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Immigrants demand Minnesota drivers licenses on opening day of legislature

By Brad Sigal |
January 7, 2015
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MN protest demands legislation that allows immigrants right to drivers licenses
Protest at Minnesota Capitol demands legislation that allows immigrants the right to get drivers licenses (Photo by Kim DeFranco)

Saint Paul, MN - Chanting “What do we want? A license! When do we want it? Now!” more than 60 immigrant rights activists protested at the State Capitol on the opening day of the 2015 legislative session. They demanded that legislators pass a bill this year to give immigrants who live in Minnesota equal rights to get a drivers license like all other Minnesotans.

The protest was organized by the new One State One License Coalition, which includes organizations, unions and community members.

The group rallied outside on the Capitol steps, braving below-zero temperatures. Representative Karen Clark spoke to the protesters. Clark has championed the drivers license bill since 2009, and she thanked the protesters for being there and pledged to push to pass a bill this year for an unmarked drivers license. Other speakers included Maria Cisneros, one of the initiators of the Minnesota drivers license campaign in 2008; Luis Candela, who spoke about families that need to drive their children for medical appointments and emergencies; and Florencio Campos, a leader in the drivers license campaign.

When the outdoor rally finished, the protesters moved inside the capitol where they marched silently with fists raised, stopping in front of the House and Senate chambers.

Before the protest, members of the One State One License Coalition also talked to legislators about the need to pass a drivers license bill this year. Another group, Mesa Latina, also lobbied for drivers licenses on the opening day of the session.

The movement for drivers licenses in Minnesota is part of a nationwide movement demanding that states allow immigrants to get drivers licenses so they can drive without fear of harassment, arrest and deportation. While President Obama’s recent immigration executive action will help some people avoid deportation, those people are only protected temporarily and there are still an estimated 7 million people who won’t be covered at all. They will still be at risk of arrest and deportation every time they drive to work or to pick their children up from school. So struggles for drivers licenses at the state level are continuing. Recently there have been successes in several states including a huge victory in California, which just started issuing drivers licenses to immigrants this week after a years-long struggle there.

The question of whether to accept a ‘marked’ drivers license that’s significantly different than the license everyone else has emerged as a point of controversy in many states. Immigrant rights activists are having to struggle with resistant state legislators and federal Homeland Security officials. This controversy played out in California over the past year where activists struggled against proposals to make immigrants’ licenses a different color, and also struggled over whether to have a marking on the front or the back of the license which reads, "This card is not acceptable for official federal purposes." During this controversy in California, State Sen. Kevin De Leon (D-Los Angeles) spoke out in the media against these markings saying, "covering the fronts of licenses with this information that Homeland Security is demanding would subject the holders to unnecessary discrimination and possible harassment.”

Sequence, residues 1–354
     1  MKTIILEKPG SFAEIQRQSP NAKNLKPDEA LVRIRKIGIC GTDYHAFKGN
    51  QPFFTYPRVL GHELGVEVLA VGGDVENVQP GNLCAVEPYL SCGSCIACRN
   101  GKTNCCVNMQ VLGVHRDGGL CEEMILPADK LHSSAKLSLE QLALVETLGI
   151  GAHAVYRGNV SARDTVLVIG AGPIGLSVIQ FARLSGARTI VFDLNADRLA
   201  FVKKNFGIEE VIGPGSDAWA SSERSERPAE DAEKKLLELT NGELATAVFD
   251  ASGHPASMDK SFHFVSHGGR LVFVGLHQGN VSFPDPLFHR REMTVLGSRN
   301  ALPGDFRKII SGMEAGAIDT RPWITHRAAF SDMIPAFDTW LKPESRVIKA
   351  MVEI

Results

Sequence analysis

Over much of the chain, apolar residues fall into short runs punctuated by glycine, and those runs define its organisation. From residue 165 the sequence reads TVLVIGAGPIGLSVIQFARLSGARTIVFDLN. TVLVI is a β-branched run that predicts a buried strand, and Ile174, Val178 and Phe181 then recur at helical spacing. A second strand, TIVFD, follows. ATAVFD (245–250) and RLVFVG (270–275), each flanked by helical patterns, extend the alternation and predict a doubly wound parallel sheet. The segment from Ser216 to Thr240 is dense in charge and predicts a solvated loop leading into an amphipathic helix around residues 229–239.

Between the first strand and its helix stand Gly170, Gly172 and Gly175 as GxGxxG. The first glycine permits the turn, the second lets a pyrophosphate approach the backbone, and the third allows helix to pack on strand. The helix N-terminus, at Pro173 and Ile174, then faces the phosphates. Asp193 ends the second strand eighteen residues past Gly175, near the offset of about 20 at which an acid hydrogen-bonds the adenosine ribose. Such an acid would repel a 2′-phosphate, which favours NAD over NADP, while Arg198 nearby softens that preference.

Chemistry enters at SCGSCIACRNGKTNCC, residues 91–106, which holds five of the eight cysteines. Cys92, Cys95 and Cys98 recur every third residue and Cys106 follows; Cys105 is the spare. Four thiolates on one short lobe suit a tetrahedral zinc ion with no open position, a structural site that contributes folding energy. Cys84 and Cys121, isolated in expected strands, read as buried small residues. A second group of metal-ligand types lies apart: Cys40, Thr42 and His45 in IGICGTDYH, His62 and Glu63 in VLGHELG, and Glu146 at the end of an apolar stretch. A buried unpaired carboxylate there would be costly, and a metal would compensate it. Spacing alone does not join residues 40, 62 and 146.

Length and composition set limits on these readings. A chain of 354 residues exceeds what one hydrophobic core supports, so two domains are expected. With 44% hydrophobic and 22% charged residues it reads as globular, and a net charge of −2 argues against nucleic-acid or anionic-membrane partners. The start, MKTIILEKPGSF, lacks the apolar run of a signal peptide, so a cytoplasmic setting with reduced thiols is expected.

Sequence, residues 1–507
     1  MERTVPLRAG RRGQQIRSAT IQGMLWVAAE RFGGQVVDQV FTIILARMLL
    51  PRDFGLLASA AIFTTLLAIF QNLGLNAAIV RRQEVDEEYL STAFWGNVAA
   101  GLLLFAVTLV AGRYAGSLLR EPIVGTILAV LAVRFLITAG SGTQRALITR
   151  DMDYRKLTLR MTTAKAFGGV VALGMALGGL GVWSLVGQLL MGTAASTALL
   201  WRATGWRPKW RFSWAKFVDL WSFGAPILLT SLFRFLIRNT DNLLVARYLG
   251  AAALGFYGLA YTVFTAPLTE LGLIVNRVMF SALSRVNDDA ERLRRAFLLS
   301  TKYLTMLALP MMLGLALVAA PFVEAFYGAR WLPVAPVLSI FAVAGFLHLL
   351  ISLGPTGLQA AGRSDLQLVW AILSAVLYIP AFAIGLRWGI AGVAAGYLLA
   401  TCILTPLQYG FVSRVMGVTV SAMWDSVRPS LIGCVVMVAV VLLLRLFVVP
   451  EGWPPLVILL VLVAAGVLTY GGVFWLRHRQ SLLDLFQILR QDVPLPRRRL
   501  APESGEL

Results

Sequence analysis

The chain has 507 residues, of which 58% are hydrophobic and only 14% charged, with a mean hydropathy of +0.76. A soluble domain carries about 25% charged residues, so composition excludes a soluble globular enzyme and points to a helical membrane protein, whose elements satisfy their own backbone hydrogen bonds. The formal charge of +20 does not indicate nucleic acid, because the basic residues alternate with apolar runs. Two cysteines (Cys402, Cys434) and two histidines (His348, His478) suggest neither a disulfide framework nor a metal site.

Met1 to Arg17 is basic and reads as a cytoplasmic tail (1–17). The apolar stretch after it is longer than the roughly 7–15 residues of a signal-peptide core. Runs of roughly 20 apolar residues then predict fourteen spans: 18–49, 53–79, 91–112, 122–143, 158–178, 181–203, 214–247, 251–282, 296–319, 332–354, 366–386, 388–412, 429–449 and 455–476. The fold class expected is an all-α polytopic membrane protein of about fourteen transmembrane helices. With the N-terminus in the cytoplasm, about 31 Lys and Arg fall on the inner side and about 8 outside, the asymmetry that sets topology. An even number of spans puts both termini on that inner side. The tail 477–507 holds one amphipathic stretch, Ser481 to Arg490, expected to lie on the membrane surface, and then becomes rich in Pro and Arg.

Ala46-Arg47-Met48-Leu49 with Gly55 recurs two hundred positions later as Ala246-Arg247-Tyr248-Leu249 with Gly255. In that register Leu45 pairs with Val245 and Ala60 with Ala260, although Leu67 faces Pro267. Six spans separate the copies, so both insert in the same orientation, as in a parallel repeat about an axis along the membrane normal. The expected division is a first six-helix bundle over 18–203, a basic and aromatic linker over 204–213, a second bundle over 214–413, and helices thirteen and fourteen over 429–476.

Other states debating drivers licenses for immigrants have also proposed substantially different licenses for immigrants, like in North Carolina where politicians proposed to add the words "No Lawful Status" in red on immigrants’ licenses, and in Alabama where officials proposed marking the licenses with "FN" for Foreign National.

The original Minnesota drivers license bill introduced in 2009 called for an unmarked drivers license, but the version of the bill that almost passed last year had been amended to be a drivers license that would be marked.

Immigrant rights activists have cautioned that police and other institutions could use such marked licenses to identify people’s immigration status and possibly use it against them. According to Marco Cruz Blanco, a member of the Minnesota Immigrant Rights Action Committee (MIRAC), “More than a driver's license to secure our roads, having an unmarked form of identification empowers individuals of diverse backgrounds to assert their cultural and ethnic identity against a system that too often racially profiles, resulting in unjust arrests or even deportation.”

In summing up the day, Florencio Campos of MIRAC said, “this protest helped kick off our work this year at the legislature. We let them know we are demanding an unmarked drivers license like any other Minnesota resident has. We’re working to make our communities and families more secure.”

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